As condemnation poured in from Muslim authorities and French officials over Friday's anti-Arab protests, around 100 demonstrators shouting "We're still here" turned out in the same low-income neighbourhood of the capital Ajaccio where the Christmas day violence took place.
Despite a heavy police presence, one demonstrator managed to smash three glass entrance doors in the Jardins de l'Empereur housing estate perched on an Ajaccio hillside as protesters shouted "This is our home!".
Like the demonstration that ended in trouble the previous day, the protest aimed to denounce violence against police and firefighters on the estate.
Two firefighters and a police officer were wounded in the neighbourhood overnight on Christmas Eve after a fire was "deliberately lit ... to ambush police and firefighters", said regional official Francois Lalanne.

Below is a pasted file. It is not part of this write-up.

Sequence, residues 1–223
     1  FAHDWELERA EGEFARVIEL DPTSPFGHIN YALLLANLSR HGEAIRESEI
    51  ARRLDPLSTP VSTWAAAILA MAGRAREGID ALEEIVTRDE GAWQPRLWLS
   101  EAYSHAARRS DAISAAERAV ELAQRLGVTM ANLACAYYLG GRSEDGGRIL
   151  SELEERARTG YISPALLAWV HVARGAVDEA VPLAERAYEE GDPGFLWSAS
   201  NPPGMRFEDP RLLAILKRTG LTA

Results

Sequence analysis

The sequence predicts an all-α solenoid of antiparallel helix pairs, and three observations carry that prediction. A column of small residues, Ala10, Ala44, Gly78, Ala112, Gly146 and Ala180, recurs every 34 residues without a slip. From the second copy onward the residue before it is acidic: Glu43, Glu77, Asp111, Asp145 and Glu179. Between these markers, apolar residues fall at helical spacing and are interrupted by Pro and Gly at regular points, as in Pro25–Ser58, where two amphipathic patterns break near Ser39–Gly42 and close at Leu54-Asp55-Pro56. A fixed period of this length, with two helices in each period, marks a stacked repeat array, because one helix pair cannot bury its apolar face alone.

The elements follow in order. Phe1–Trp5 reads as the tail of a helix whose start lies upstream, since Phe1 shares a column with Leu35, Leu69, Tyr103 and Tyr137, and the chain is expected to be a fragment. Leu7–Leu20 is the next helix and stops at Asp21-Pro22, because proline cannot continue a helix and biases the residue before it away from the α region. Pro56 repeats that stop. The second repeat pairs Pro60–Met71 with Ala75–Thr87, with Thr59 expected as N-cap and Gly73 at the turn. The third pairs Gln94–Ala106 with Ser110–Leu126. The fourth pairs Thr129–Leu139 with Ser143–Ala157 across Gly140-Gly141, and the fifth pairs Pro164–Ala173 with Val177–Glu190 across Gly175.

A firefighter at the scene said hooded youths who attacked the officers shouted at them: "Scram, Corsicans, you're not at home here!"
On Friday afternoon, 600 people had gathered in front of police headquarters in Ajaccio in a show of support for the police and firefighters. But some 300 broke away to head for the housing estate.
Shouting "Arabs get out!" or "This is our home!", the group smashed a Muslim prayer room, partially burning books including copies of the Koran, said Lalanne.
French Prime Minister Manuel Valls wrote on Twitter that the break-in was "an unacceptable desecration", while also condemning the "intolerable attack" on the wounded firefighters.
Anouar Kbibech, president of the French Council of the Muslim Faith (CFCM), said he had learnt of the mosque attack and the burning of "several copies of the Koran" with "distress".
French Interior Minister Bernard Cazeneuve said the attack on the Muslim prayer hall showed signs of "racism and xenophobia".
He also condemned the assault on law enforcement and safety officers in Corsica, saying he hoped "the authors of the violence would be identified and arrested as soon as possible."